Wong Wing Wah v. Collector of Stamp Revenue

Taxation — stamp duty — leave to appeal out of time — whether applicant prevented by illness from lodging appeals within time — whether requirements under s. 14(1B) and (5B) of the Stamp Duty Ordinance (Cap. 117) satisfied

Civil procedure — originating summons — practitioners issuing summons under s. 14(1B) and (5B) must use general form (Form 8) not expedited form (Form 10) — non-compliance might result in delay, dismissal of summons and costs consequences — Rules of the District Court (Cap. 336H, Sub.Leg.) O. 7 r. 2(1), (1)(B), (2) — Practice Direction 5.8, para. 1

Words and phrases — “prevented” — “hardship”

On 4 and 17 August 2017 respectively, the Collector of Stamp Revenue (the ‘Collector’) issued to X two notices of assessment (‘Notices’ A and B) and demand for stamp duty chargeable for two assignments over two properties (‘Properties’ A and B). Under two trust deeds executed by X, she held the Properties on trust for THW who would pay all stamp duty (the ‘Trust Deeds’). Pursuant to s. 14(1) of the Stamp Duty Ordinance (Cap. 117) (the ‘SDO’) X had one month from the date of assessment to lodge an appeal. In August 2017, X was struggling with whether to have surgery, in pain and on medication. On 1 September 2017, X’s solicitors wrote to the Collector to indicate her wish to appeal against the assessment in Notice A, provide bank guarantees as security for payment of the stamp duty and apply for an extension of time to appeal (the ‘Notice A Letter’). Between 4 and 9 September 2017, X was hospitalised for surgery and then on sick leave until 17 November 2017. On 14 December 2017, X applied for an extension of time to appeal against the Notices under s. 14(5B) of the SDO because she had been prevented by illness from bringing the appeals within time; and leave under s. 14(1B) to allow the appeals to be brought on the security of bank guarantees for payment of the stamp duty.

Held, dismissing the application, that:

(a) the court must be satisfied that the applicant suffered from illness, had been absent from Hong Kong or had any other reasonable cause;

(b) the applicant must show that one or more of the three factors above prevented her from bringing an appeal within the statutory time limit; and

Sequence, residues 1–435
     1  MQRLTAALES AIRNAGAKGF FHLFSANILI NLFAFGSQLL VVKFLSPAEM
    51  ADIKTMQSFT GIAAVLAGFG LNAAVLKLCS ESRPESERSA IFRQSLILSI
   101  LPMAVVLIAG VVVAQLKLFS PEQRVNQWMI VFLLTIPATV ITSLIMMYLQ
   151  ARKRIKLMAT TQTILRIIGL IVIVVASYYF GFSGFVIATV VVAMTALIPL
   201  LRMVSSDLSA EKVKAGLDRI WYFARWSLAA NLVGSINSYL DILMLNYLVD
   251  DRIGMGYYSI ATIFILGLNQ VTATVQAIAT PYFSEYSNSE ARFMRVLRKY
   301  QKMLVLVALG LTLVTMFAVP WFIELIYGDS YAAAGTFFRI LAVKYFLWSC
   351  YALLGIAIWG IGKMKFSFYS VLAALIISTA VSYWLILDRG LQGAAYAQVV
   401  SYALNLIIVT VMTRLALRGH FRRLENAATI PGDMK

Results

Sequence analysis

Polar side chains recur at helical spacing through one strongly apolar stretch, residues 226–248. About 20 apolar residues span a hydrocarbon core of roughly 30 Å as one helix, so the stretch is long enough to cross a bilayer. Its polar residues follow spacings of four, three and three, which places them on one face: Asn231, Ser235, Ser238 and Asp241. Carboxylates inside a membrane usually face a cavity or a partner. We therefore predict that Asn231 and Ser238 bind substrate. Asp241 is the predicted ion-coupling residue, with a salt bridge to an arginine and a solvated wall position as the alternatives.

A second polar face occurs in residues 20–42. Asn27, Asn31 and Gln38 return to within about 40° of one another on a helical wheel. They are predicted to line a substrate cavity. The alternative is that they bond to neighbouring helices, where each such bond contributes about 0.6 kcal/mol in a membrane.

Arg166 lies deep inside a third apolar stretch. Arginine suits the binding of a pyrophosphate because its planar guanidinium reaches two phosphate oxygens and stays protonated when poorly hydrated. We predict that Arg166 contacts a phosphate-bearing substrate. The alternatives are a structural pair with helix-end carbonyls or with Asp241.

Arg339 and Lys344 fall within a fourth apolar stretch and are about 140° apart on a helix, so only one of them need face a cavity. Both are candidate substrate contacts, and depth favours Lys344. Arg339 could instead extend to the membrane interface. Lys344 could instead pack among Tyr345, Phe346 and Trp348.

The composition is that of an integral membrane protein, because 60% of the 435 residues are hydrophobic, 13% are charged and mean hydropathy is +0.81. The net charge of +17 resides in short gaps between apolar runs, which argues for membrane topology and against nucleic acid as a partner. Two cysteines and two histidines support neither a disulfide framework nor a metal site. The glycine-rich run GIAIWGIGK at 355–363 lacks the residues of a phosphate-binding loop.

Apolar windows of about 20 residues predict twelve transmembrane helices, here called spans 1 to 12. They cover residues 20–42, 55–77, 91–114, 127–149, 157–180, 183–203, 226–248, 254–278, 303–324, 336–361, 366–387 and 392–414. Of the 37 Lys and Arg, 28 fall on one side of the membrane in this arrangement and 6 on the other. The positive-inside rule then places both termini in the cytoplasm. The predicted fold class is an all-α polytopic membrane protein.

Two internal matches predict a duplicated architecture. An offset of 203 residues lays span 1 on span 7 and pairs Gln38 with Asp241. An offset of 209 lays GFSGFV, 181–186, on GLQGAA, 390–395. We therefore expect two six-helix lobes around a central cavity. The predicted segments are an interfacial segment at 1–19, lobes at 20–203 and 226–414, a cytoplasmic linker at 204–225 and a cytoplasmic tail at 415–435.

(c) even if the above two criteria were satisfied, the court had a residual discretion as to whether to grant an extension of time. (See para. 20.)

  • The word “prevented” in s. 14(5B) meant “unable to”. An applicant seeking an extension under s.14(5B) must demonstrate that he was unable to lodge an appeal within time due to illness, absence from Hong Kong or other reasonable cause (Chow Kwong Fai v. Commissioner of Inland Revenue [2005] 4 HKLRD 687 applied). (See paras. 22–23.)
  • In order to fulfil the factors in s. 14(5B), the applicant must show that payment of stamp duty assessed would impose hardship on him, that non-payment was reasonable in all the circumstances and security to the court’s satisfaction was given for the duty to be postponed.  The court must consider a party’s subjective stance in forming an objective view on all the circumstances as to whether hardship was established (Wan Wah Shing v. Collector of Stamp Revenue [2005] 4 HKLRD 674 applied). (See para. 24.)
  • X had not shown that she was prevented by illness from lodging appeals against the assessments within time. Despite being ill, in August 2017, she had instructed solicitors to write the Notice A Letter. Although Notice B was sent to X’s home address and, she claimed, remained unopened because she was ill, Notice B was also sent to her solicitors so that she would also have been able to give instructions thereon. Thus, there was no ground to exercise the discretion under s. 14(5B) in X’s favour. (See paras. 31–35.)
  • As for s. 14(1B), “hardship” meant “financial hardship”. Even if the Notice A Letter was a formal application to postpone payment of stamp duty, it was made outside the 14-day time limit under s. 14(1A), hence the Collector could not accede to X’s request. No similar request had been made for Property B. Further, X had not adduced evidence of the “hardship” she would suffer if she had to pay the stamp duty so that the Court could not consider her financial circumstances; or evidence that THW would be unable to pay the stamp duty under the Trust Deeds. (See paras. 37–39.)
  • (Obiter) X should not have commenced these proceedings by an originating summons in expedited form (Form 10), but used the general form (Form 8) instead. Under O. 7 r. 2(1)(1B) of the Rules of the District Court (Cap. 336H, Sub.Leg.) (‘RDC’), practitioners were only to use Form 10 if it was prescribed under a written law. There was no such law regarding applications under s. 14(1B) and s.14(5B). Under para. 1 of Practice Direction 5.8, non-compliance might delay the proceedings or result in the summons being dismissed and might also have costs consequences (International Automotive Components Group SRO v. Xuke Trading Ltd [2017] 3 HKC 137 applied). (See paras. 40–41, 43–45.)


This was an application by the intended appellant for an extension of time to appeal against two notices of stamp duty assessment; and leave to allow the appeals on giving security for the payment of the stamp duty. The facts are set out in the judgment.


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